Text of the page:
Mr. Holmes is not a mystery film. It is not about Holmes working on a compelling case putting you on the edge of your seat. Instead we get something more universal. Something all people will have to deal with at one point. Which is old age.
This might not be what most of the fans were hoping for. I can't deny that I myself was expecting to get propelled into a thrilling adventure where Holmes would prove even in old age to be one of the most brilliant minds ever. Still in hindsight I think it is actually an interesting approach to a topic a lot of us are fearing a little. Being forgetful is one thing but to lose certain parts of your memory forever that must be something that is frustrating and scary. And what better way to show this using an established character like Sherlock Holmes. Who doesn't know this genius consulting detective? What would it be like if your mind wanders? What effect does it have on you? Does it change your views on life? Does it change who you are? Mr. Holmes touches this subject very subtly and answers some of these questions.
I enjoyed this approach very much but it was Ian McKellen's portrayal of Sherlock Holmes that provides the most fun. He is able to show hints of the old Holmes we all know and the new one who is trying to come to terms with not being the same as he used to be. He also shows us a vulnerability to his character we have rarely seen. In one scene we very briefly and subtly get confronted with the aftermath of the Hiroshima bombing. While the setting itself is quite unnerving it is the reaction of Holmes that makes you realize how cruel and devastating this atom bomb was. His younger self might not have shown this side to him no matter how deeply it would have affected him.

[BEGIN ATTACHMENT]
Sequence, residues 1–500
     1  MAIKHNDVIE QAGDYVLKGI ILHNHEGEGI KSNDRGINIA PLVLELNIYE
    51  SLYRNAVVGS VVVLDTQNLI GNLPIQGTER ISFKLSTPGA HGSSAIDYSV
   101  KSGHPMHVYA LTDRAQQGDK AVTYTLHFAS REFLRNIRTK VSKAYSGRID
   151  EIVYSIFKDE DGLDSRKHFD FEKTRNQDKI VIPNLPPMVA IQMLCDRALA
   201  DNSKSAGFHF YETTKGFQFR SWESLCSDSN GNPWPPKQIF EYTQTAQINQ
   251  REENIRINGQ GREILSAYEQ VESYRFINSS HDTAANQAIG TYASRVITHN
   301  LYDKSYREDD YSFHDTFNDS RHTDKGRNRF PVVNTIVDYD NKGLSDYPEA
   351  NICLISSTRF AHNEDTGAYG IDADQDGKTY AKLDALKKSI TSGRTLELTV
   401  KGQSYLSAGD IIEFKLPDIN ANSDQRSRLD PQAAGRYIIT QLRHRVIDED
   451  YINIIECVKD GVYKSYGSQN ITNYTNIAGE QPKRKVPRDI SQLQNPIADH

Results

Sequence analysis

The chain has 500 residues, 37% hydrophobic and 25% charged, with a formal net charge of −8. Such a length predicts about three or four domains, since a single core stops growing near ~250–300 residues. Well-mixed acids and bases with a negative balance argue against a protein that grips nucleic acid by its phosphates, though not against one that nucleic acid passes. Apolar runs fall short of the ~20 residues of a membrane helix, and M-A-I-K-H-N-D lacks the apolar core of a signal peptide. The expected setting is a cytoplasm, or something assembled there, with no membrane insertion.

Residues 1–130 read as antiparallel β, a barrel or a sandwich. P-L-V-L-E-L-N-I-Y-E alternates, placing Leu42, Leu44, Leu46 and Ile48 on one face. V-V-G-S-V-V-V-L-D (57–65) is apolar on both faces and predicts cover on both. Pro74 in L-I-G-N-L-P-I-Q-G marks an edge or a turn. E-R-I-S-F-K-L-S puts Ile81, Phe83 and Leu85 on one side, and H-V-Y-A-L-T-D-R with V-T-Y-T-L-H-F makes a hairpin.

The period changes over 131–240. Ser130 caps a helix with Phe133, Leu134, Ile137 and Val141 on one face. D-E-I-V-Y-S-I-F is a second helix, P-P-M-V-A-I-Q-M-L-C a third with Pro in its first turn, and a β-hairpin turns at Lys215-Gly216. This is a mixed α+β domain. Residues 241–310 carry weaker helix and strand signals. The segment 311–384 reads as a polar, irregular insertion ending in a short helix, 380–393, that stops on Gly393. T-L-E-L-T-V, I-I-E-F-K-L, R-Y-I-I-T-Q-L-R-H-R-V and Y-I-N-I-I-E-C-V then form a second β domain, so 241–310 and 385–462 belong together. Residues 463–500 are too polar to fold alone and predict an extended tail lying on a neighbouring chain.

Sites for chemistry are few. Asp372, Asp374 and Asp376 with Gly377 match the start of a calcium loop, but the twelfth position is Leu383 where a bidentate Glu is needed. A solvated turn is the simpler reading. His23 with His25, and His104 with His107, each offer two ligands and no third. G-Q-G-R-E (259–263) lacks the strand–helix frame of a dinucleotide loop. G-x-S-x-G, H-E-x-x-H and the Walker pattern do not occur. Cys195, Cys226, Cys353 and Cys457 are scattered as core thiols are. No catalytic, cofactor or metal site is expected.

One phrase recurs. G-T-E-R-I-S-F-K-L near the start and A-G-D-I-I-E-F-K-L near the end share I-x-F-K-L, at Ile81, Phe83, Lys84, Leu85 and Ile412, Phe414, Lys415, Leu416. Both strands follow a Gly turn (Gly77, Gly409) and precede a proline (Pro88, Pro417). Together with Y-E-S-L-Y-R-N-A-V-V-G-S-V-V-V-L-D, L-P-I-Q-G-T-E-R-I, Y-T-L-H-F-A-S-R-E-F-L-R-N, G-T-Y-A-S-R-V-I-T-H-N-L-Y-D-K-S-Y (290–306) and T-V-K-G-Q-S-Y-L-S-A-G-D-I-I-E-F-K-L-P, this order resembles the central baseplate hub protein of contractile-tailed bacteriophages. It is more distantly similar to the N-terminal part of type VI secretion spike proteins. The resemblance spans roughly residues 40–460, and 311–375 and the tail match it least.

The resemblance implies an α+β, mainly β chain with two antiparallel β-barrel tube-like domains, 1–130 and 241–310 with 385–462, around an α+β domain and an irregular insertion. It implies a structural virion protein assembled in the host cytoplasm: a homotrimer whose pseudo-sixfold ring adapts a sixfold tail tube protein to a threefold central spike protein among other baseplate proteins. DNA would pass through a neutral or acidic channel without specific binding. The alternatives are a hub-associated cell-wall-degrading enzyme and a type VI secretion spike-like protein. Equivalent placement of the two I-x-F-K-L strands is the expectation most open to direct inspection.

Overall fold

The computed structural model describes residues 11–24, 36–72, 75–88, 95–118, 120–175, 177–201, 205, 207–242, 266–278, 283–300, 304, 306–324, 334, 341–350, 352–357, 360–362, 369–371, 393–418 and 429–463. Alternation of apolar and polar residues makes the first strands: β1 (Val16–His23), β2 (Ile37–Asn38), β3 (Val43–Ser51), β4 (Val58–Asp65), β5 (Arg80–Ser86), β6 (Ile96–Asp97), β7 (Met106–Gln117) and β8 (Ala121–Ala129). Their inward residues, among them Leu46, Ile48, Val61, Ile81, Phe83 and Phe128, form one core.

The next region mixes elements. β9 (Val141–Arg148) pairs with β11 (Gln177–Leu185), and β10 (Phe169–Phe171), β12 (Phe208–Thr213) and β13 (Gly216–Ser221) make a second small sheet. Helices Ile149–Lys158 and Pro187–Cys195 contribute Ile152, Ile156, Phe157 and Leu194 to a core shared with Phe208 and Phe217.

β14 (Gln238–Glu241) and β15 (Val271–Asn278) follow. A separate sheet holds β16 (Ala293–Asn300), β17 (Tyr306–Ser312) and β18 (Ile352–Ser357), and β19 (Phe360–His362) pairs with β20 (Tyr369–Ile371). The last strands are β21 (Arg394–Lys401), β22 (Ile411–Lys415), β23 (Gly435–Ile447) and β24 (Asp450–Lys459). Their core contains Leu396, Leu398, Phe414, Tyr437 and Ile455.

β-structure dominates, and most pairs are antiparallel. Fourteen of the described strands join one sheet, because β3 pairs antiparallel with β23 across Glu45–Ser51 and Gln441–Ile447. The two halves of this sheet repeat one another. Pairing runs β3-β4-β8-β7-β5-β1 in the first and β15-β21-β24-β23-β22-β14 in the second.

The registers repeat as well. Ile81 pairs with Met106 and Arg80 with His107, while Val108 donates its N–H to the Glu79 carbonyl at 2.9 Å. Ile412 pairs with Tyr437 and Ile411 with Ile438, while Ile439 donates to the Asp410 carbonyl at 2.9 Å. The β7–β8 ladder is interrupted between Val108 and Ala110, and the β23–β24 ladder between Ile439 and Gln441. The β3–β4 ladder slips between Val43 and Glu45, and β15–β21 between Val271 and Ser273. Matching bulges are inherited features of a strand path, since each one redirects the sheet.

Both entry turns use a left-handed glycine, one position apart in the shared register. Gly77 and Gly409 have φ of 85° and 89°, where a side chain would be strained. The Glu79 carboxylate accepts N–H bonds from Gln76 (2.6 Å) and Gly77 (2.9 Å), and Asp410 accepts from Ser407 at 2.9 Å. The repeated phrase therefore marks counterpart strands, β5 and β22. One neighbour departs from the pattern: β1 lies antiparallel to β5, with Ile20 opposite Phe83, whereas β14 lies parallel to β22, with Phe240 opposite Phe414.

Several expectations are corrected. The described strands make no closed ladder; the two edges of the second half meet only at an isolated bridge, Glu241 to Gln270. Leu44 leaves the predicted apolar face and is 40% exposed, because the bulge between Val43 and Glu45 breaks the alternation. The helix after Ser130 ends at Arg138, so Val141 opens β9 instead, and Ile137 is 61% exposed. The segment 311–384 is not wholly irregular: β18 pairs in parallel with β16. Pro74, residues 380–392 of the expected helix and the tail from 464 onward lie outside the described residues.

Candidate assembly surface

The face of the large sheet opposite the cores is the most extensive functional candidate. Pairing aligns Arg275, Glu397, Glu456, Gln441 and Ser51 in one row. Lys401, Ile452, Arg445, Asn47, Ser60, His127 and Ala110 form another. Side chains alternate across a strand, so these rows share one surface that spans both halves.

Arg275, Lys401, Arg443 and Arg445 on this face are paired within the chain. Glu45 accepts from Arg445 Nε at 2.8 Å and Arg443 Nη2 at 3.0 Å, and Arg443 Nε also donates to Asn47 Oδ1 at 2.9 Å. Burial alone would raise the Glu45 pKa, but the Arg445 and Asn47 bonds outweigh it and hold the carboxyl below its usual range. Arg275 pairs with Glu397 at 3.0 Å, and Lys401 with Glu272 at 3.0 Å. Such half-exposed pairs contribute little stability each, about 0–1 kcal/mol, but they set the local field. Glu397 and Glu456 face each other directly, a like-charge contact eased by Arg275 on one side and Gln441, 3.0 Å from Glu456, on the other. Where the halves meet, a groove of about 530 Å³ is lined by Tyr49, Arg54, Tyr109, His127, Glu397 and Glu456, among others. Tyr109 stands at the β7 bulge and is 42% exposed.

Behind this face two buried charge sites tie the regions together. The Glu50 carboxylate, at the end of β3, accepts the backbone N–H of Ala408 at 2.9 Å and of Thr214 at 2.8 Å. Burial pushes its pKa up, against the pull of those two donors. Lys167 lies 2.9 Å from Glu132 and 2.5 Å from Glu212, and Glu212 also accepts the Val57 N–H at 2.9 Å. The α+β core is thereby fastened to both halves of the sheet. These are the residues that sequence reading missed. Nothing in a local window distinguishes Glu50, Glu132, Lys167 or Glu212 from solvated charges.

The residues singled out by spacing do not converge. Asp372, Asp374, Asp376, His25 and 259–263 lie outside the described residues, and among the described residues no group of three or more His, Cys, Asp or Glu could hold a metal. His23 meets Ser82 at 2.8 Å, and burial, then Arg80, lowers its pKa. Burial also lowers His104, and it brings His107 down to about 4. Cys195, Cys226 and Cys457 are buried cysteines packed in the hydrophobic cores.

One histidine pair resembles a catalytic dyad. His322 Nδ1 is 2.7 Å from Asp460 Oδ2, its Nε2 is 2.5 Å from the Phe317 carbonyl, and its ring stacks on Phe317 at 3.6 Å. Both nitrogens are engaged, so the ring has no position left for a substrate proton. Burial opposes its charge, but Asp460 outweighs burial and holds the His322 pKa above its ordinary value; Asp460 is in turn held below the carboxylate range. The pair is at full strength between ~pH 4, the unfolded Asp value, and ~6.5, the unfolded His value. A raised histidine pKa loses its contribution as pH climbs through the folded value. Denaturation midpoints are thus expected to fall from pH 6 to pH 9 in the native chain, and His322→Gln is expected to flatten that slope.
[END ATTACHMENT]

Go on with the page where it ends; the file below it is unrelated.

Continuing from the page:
Mr. Holmes is a little and subtle movie that definitely won't be for everyone especially if you were hoping for some mystery to be solved. However there is enough there (if you choose to do so) to keep you entertained.